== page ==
Wednesday, January 21, 2004
Alcohol in Iraq: Non-Governmental Coercion in Vice Control
Selling liquor has become extremely dangerous in Iraq, as this AP story makes clear: "...as many as nine liquor store owners, most of them Christians, have been killed in Basra since the fall of Saddam ..."; and "Besides the murders, dozens of liquor stores owned by Christians have been torched in recent months."
When John Stuart Mill crafted his harm principle in 1859, the type of unjustified coercion that he was most concerned about was not coercion by the state, but coercion by public opinion. (Mill's own irregular but presumably chaste and longstanding relationship with a married woman (he and she eventually married after her first husband's death) perhaps contributed to his recognition that social sanctions could be severe on those who didn't follow the usual paths.) And of course, it is public opinion that often empowers the state to persecute "dissidents." Adult vice activity, precisely because it has no identifiable victims (at least in many of its manifestations), seems to be particularly susceptible to private coercion. (Let me note that coercion is different from disapproval or dissuasion -- it is one thing to disapprove of someone else's vice, and something else again to punish him or her for engaging in it or to use force to prevent him or her from so engaging.)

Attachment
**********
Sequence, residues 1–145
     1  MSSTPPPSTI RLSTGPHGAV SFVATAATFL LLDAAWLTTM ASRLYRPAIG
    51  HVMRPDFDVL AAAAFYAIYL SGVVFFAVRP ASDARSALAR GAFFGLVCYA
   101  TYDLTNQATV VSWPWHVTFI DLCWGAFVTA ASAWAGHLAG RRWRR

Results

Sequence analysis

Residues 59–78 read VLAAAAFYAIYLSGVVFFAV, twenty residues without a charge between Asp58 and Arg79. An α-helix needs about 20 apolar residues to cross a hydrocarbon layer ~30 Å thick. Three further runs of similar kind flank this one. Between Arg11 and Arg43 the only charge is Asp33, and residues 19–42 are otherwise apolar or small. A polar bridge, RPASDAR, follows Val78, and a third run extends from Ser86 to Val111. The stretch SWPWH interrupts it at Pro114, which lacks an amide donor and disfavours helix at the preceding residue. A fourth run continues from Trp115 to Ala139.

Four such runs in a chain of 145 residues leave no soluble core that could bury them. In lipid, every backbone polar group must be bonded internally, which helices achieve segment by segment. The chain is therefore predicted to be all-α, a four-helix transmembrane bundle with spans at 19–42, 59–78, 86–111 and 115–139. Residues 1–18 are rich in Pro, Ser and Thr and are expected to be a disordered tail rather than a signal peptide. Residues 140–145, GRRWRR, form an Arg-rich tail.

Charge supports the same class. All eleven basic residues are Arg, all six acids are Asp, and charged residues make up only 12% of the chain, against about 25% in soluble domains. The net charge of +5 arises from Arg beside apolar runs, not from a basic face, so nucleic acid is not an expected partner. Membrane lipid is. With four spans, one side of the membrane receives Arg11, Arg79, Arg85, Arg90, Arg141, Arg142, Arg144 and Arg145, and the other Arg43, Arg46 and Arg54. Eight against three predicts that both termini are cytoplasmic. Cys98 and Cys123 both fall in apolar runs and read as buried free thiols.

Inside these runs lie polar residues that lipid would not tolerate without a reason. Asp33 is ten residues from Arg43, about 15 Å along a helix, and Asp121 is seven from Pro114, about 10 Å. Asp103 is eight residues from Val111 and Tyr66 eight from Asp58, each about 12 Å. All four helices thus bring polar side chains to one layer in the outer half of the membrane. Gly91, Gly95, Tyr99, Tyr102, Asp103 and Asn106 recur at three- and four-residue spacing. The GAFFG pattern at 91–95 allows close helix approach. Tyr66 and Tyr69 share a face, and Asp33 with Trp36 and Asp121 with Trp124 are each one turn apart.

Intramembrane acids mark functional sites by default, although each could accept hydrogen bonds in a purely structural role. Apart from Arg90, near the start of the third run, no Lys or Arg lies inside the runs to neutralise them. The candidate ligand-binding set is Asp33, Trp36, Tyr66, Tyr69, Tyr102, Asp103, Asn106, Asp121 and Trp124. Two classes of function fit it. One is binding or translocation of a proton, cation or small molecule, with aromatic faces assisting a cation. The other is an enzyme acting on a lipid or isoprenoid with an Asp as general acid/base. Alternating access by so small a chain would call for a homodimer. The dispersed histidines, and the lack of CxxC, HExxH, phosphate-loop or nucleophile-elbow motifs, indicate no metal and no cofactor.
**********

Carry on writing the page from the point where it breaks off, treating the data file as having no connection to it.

Nevertheless, it is probably the case that in the US we tend to think of coercion as primarily a state activity. But the situation in Iraq with respect to alcohol sales (and playing music, and wearing the veil...) serves as a reminder that the situation is not always a repressive state on one side versus a more lenient public on the other. And so rules like that proposed in France, to outlaw the veil (and other religious symbols) in schools, are not prima facie affronts to liberty. If the alternative to such a law is that everyone will let a hundred flowers bloom, then the law is an affront to liberty. If the alternative to state coercion not to wear a veil is private coercion mandating the wearing of a veil by Muslim women, however, then lovers of liberty have to look more closely.